It's Friday and here at MomijiHQ it's nearly home-time! Hope you all have a great weekend with plenty of time to get creative on your Couture Contest designs. Loving this print by illustrator, surface pattern designer, crafter, blogger, and art teacher, Smantha Hahn. If you're in need of some inspirational eye candy she has a fabulous blog filled with loveliness.

Happy Friday, folks xx

Wednesday, 12 August 2009

Marilyn Neuhart Dolls

We first stumbled upon this great story via Sprayblog. It's the tale of designer and writer Marilyn Neuhart who worked closely with the legendary Alexander Girard and Charles and Ray Eames. In 1961 Alexander Girard asked Marilyn to create 100 of her beautiful dolls for his Textile & Objects store. Back then she used Mexican cotton from a family-owned mill and when asked recently asked to create four new designs by House Industries she used the same supplier.

Maximo has lots more details about Neuhart and her work. I'm sure this quote from her will strike a chord with many of you:

"I sew because I have to-it is just that simple. After a long day hunched over my computer dealing with the vagaries of English spelling, clumsy syntax and wayward grammar, not to mention computer crashes and arbitrary and demanding clients, I look forward to time spent with my needle and thread, the tactile delight of cloth in my hands and the pleasure of working with color and form-nothing is more life-sustaining and yes, it has to be said-more therapeutic."

This picture of the dolls displayed on the wall is wonderful, it's exciting to think about our Momiji doll exhibition at Royal/T!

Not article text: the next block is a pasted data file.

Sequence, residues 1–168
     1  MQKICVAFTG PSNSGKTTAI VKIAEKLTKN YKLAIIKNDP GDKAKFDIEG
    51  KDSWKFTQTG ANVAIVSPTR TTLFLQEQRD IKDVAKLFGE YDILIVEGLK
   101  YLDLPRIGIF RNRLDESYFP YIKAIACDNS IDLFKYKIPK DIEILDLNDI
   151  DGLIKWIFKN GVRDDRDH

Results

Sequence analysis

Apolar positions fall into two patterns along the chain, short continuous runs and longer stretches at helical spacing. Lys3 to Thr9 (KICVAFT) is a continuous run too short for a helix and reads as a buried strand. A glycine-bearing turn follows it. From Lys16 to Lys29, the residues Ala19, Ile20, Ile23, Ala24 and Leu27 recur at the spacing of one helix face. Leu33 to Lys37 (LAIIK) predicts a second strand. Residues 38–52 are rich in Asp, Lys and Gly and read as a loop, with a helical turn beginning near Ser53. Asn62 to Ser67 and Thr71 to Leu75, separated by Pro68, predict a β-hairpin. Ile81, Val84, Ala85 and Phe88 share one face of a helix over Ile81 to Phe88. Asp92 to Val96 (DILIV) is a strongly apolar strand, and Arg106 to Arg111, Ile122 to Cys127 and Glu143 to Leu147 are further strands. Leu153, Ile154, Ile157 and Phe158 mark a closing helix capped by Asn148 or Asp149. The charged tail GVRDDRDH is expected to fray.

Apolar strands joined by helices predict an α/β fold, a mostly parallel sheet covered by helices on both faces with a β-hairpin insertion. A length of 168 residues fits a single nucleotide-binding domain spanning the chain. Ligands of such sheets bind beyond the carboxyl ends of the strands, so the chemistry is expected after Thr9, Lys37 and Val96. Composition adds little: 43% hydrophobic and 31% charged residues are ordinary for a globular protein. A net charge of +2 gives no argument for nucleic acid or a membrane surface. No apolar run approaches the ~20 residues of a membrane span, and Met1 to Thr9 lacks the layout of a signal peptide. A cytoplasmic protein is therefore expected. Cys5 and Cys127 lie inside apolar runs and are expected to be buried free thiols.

So, Marilyn used simple yet stylish print techniques on cotton to create her dolls. Which techniques are you guys using for your Momiji Couture dolls? Or is that top-secret?

photo credits: House Industries

Friday, 7 August 2009

Creative Profile: Veronica Rowlands

During the course of the Momiji Couture Contest we'll be keeping your creative juices a-flowin' with profiles of some of our favourite designers. While we were at the New Designers exhibition we had an amazing time chatting with all the students and graduates about their work and their inspiration.

First up is designer Veronica Rowlands from Swansea Metropolitan University in Wales. Veronica's work caught our eye immediately with its sumptuous colours and decadent fabric. We chatted with her about how she took inspiration from old toys and vintage dolls and gave them a new twist with contemporary colour and digital printing. Veronica's illustrations and prints would make amazing fabric for clothing, in fact she's already working on a neck scarf collection for Mission Gallery in Swansea. We think this girl's going to go far!

Friday, 24 July 2009


How fabulous is this place? Your doll could be exhibited here! The top ten entries will all form part of a special Momiji exhibition at Royal/T in Los Angeles. Susan Hancock (pictured below) opened the space in 2008 to house her collection of Japanese contemporary art. The space also combines a Japanese inspired maid cafe. All the waitresses wear these amazing costumes.

Here are a few shots of the art be in with a change of having you work exhibited here make sure you get stitching!

Click here for more info on Royal/T.

Thursday, 2 July 2009


Thanks for stopping by.
All the information you'll need about how to enter and our glamorous panel of judges can be found here We'll also be updating this blog with news and info as we go along. Add us to your favourites and sign up to RSS to make sure you're always up to date.

The Momiji Couture Contest was launched at New Designers in London last week. Thanks to all of you that stopped by and said hello.

Our stand at the show was a triumph! It was created by Zoe and Mat Murphy who did an amazing job. They've also worked with us to create flyers and posters for the contest (if you'd like one to spread the word, just let us know.)

Here are a few shots of us setting up. Sorry they're a bit hazy we took them on our phones, but Mat took some great pictures on his posh camera so we'll get those up as soon as we can. Zoe and Mat screen-printed up amazing blocks of colour and pattern aswell as jumbo buttons and scissors.

Here's Zoe fixing up photographs of Royal/T in LA where our top ten finalists will have their dolls exhibited.

Zoe's best handwriting...

Check back for more news very soon!